Post-Truth: The Dark Side of the Brain
A growing number of politicians are talking nonsense with impunity. False information is proliferating. What’s worse, the human brain loves it
It may seem surprising that after being elected president, Donald Trump continued to insist that the elections were rigged. Or that he accused his predecessor of having tapped his phone—without any proof. Or that one of his advisers claimed that the inauguration ceremony had shattered the record for attendance, which clearly it had not. But that would underestimate the new and baffling phenomenon of “post-truth,” of which Trump is the most striking example.
Post-truth triumphed the day after the U.K. voted in favor of Brexit. That’s when its defenders acknowledged that they had misled the public about the health care benefits of leaving Europe. It triumphed again when François Fillon’s center-right campaign for the French presidency rushed to exaggerate the number of supporters who turned out for a campaign rally in the Place du Trocadéro in Paris. And again when the Spanish government expressed pride in having strategically placed many researchers abroad in scientific collaborations, when in fact they had left as a result of relentless budget cuts. Further examples include the Turkish government, which complains of being censored in Europe—while imprisoning its journalists. And Russia, which supplies the whole world with dubious information through clever use of media propaganda.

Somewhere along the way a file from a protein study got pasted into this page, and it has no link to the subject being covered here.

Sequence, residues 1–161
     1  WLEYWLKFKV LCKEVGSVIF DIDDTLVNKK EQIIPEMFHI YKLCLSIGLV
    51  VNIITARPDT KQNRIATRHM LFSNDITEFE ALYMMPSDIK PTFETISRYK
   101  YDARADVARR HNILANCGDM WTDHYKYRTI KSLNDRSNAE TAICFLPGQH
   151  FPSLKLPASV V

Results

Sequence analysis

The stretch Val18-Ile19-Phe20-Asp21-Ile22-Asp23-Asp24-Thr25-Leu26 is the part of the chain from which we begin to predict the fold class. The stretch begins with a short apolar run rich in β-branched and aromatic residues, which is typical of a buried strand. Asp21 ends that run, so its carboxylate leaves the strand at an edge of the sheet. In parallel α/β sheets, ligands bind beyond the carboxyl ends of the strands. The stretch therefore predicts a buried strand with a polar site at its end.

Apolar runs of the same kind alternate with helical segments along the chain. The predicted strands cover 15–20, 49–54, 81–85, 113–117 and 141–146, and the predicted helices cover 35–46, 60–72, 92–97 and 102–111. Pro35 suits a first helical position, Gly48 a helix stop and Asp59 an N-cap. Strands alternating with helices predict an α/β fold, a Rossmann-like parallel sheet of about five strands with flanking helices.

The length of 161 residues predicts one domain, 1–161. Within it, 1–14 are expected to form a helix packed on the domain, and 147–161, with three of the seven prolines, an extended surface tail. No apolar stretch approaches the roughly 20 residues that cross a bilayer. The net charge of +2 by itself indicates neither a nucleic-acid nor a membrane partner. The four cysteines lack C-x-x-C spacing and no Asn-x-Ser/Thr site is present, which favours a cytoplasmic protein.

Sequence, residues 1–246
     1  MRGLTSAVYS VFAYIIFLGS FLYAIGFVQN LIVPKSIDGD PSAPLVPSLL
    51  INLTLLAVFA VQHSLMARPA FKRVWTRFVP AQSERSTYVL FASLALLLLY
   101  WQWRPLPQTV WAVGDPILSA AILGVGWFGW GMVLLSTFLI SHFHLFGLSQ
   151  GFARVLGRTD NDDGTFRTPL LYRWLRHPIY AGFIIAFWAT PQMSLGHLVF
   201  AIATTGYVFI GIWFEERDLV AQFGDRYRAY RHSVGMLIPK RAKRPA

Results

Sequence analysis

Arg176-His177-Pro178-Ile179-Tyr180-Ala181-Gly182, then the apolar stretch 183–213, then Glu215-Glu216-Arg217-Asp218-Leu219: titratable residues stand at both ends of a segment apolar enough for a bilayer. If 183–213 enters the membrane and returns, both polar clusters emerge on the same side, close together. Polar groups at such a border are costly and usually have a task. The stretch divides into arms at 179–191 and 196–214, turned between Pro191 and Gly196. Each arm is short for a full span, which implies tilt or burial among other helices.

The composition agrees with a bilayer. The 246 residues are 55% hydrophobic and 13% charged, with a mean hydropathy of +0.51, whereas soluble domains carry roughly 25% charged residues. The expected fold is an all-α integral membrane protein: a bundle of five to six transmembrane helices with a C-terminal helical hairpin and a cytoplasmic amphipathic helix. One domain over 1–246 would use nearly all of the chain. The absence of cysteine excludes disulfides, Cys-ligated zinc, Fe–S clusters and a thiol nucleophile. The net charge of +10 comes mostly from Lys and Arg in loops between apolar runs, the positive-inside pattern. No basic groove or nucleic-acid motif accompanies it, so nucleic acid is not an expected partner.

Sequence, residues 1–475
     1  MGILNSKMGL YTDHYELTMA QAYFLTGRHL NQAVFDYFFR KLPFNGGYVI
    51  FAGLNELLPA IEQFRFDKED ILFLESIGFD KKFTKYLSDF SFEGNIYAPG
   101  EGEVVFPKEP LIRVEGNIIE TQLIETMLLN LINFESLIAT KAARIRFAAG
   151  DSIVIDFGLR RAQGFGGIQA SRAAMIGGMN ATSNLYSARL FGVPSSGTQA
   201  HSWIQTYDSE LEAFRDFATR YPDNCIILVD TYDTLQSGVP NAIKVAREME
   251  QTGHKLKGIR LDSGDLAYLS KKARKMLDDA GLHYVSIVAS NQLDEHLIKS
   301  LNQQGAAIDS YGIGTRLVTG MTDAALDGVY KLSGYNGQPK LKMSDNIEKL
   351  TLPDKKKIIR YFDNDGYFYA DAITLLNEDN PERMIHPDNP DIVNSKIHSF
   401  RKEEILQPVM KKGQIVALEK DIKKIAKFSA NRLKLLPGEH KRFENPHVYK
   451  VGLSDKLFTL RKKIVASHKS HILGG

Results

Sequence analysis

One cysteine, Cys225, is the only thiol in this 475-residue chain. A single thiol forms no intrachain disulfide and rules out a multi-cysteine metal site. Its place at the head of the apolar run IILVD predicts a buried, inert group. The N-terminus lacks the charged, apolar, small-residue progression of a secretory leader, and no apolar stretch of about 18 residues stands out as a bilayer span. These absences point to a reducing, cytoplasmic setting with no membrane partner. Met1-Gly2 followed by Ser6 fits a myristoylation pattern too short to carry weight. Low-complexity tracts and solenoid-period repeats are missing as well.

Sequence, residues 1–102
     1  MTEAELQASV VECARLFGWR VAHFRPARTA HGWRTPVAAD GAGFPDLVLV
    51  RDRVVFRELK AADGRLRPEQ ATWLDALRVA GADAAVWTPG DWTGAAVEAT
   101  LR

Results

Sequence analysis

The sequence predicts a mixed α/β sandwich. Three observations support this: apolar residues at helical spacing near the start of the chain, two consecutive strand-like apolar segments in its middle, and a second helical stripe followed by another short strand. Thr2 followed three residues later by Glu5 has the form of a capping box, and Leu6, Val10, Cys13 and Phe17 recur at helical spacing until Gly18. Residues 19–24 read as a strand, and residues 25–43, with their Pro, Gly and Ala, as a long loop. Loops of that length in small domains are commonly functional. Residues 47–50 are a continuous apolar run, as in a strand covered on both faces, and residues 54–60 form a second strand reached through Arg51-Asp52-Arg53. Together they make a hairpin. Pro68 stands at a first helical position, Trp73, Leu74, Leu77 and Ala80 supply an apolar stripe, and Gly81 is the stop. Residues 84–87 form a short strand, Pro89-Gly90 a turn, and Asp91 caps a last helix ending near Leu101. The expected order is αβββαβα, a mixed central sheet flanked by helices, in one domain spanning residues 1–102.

Leaving aside politicians, “alternative facts” are created and disseminated at all levels. It is this planetary tsunami of false information that has driven many experts to refer to the era of “post-truth.” But what exactly is it? Derived from the title of a book published by journalist Ralph Keyes in 2004, the term achieved its 15 minutes of fame after being selected in 2016 as the Oxford Dictionaries Word of the Year. The Oxford Dictionaries defines post-truth as an adjective “relating to or denoting circumstances in which objective facts are less influential in shaping public opinion than appeals to emotion and personal belief.” This definition reflects a profound lack of confidence in the “legitimate” dispensers of facts (particularly the media and experts), making any truth, or any claim to the truth, suspect. Falsehood, in all its forms, thus takes on a routine character, becomes omnipresent and overwhelming, and enjoys virtually complete immunity. The sciences, unfortunately, are not spared, as shown by the climate controversy and the categorical rejection of vaccines by a segment of the population. Some people will even assert (as former NBA player Shaquille O’Neal did recently) that Earth is flat and defend their right to say it.
The term “post-truth,” however, is not without its detractors. Some observers point out that the phenomenon of disinformation has always existed and that, consequently, there is nothing new or “post” under the sun. Because when have we ever really known an “era of truth”? Or been perfectly and impartially informed? Or bothered to listen to points of view contrary to ours and argued solely on the basis of facts? Others dispute the idea that “truth” is even a relevant concept, given that it most often is left to certain dominant elites to determine what is false and what is true, according to their own interests.